Energy is expensive.

Mixing thermal and PVsolarPV-T

Truth is that we all would like to hold down our energy bills but unless you have a new build the issues and costs of such an upgrade would take an awful load of time to recoup. For many of us more than our lifetime and probably the lifetime of the equipment. What are the new kids on the block? Solar PV-T cells. Yes thermal and photo voltaic in one unit. As to aesthetics it is certainly better than two separate systems but does it work and is it economical? As we are asked to conserve energy and our heating bills head for Mars, this is of supreme importance. The answer is yes and no. Without going into macro economics a simple thermal system would probably take 102 years to pay back on a basic household without teenagers. For those with sons and daughters who take so many showers you would think they would be washed away, that would probably be reduced to five years! (I jest) For PV cells the equation is complicated by Feed In Tarriffs. The fact is that any return quoted will conveniently neglect to calculate that at the end of any term, the PV cells won’t be worth a lot but the same cash in the bank, whilst not paying you much will still be CASH. Now an interesting issue with PV-T cells. One expert pointed out that PV cells actually produce less power as they heat up. I didn’t know that either! With thermal cells they may start cool and as they heat up they transfer that heat to your water system. At 60/65° the system shuts down to prevent scalding and the fluid remains in the cell. This can raise up to 240°. Back to square: one PV cells output degrades with heat. So on a hot day we could assume that the PV cells, rather than cooking with gas, are effectively useless. Now I AM NOT AN EXPERT but I am quite prepared for someone to come and fit some FREE PV-T cells on my roof and in twenty five years I will be pleased to  let you all know how well they worked. That is if my nurse will allow me in case I get too excited and assuming that my memory is still intact. In the meantime I shall save my pennies and watch with interest how those installed perform.

Now here is a thought. Take that surplus heat and pass it back to the ground via a ground source heat pump. At the day comes to an end and the sun goes to bed the ground source heat pump recovers that energy stored during the day. Now before you award me a degree in climatology, I confess that this was far from my idea but a suggestion at the end of the link below. Does it work? Don’t ask me. Nearly everything in the renewable field is a house of cards. Maybe this simple answer actually is THE ANSWER. I have always said the future is not in mammoth wind farms or tidal barriers but in something simple, probably built in the man shed!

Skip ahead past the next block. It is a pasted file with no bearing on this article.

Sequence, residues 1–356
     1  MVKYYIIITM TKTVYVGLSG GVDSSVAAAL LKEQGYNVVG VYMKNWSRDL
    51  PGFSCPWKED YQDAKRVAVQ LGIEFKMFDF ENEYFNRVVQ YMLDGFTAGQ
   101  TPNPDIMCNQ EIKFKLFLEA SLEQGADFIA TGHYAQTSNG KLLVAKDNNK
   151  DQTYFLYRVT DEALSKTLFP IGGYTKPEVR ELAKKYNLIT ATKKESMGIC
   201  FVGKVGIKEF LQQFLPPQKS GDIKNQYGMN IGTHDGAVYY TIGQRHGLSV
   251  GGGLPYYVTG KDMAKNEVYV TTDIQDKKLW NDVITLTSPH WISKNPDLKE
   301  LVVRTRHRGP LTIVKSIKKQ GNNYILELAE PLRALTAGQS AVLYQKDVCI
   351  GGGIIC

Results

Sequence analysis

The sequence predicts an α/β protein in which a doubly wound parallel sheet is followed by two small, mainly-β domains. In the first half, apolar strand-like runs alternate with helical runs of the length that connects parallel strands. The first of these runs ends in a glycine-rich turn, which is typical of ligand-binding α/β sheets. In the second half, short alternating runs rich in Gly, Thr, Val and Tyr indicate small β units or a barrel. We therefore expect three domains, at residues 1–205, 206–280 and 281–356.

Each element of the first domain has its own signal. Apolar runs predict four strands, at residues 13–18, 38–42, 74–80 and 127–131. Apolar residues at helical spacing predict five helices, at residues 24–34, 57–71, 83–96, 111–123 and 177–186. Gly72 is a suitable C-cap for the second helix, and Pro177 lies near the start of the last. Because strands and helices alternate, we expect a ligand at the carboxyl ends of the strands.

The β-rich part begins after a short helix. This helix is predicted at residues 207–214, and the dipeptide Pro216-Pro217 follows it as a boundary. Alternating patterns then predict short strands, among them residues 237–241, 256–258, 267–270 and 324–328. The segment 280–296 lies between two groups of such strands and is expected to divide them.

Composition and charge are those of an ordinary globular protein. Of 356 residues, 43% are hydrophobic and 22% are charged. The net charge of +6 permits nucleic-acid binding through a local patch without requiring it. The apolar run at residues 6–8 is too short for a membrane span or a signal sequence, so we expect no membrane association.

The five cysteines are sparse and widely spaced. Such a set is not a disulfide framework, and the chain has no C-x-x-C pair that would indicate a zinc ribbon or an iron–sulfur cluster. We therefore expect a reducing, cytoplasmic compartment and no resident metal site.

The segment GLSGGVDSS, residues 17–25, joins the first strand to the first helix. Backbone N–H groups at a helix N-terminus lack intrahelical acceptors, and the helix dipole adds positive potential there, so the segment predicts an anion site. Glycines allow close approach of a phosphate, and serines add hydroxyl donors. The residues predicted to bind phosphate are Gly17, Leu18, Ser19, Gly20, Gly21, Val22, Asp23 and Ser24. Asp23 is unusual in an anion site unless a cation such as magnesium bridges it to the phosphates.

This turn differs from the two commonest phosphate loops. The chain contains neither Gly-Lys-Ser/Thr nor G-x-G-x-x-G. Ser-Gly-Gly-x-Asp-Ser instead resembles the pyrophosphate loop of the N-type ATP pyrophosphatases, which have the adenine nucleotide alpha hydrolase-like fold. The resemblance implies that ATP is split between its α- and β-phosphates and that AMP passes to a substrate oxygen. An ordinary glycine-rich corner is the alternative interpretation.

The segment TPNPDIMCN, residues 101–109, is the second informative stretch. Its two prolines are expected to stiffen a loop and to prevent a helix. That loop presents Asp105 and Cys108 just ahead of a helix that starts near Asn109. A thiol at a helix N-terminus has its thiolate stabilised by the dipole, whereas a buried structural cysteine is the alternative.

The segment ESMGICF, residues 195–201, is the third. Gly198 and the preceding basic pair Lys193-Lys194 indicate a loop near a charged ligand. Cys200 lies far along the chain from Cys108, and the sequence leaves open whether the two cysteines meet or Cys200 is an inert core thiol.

The Facts – as the manufacturer sees them!

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About Dougal Quixote

Slightly mad. Always believes a cup is half full so continues to tilt at Wind Turbines and the politicians that seem to believe it is their god given right to ruin Scotland for a pot of fool's gold.
Image | This entry was posted in Wind farms. Bookmark the permalink.

2 Responses to Energy is expensive.

  1. Brian Bell says:

    I’m not an expert but presumably solar cells have a limited lifetime [25 years?]

    Presumably the units are then useless and worthless.

    Next comes the question of having them removed and disposed of.

    But at what cost? Will savings generated in the short term be expunged by removal / disposal costs? And the only people who make any money are the suppliers / installers / removers?

    • Solar cells installed thirty years ago are still going strong. OK age degrades them a bit. The thermal ones are actually relatively cheap(c. £400). That of course is far from the whole story. By the time you have changed your hot water cylinder, paid for the electrics and the installation, you have parted with the best part of six grand. At a suggested saving of £55 per year (Which Magazine) the return on investment is poor. As to PV-T, a simple house would require possibly two thermal cells but an equivalent installation of PV would be eight. That is why you need to look on this with great care. My reaction to these people are that they are all ex double glazing salesmen and not to be trusted. Personally I want a roofer on my roof, not a window fitter! However I don’t dislike the principle although I hate the FITs. If something is economically viable, it should stand on it’s own two feet. If it is not then a viable alternative is preferable. Like a nuclear, coal or gas power station for example. Just let us get what we pay for and don’t saddle us with bills for a scam(Wind).

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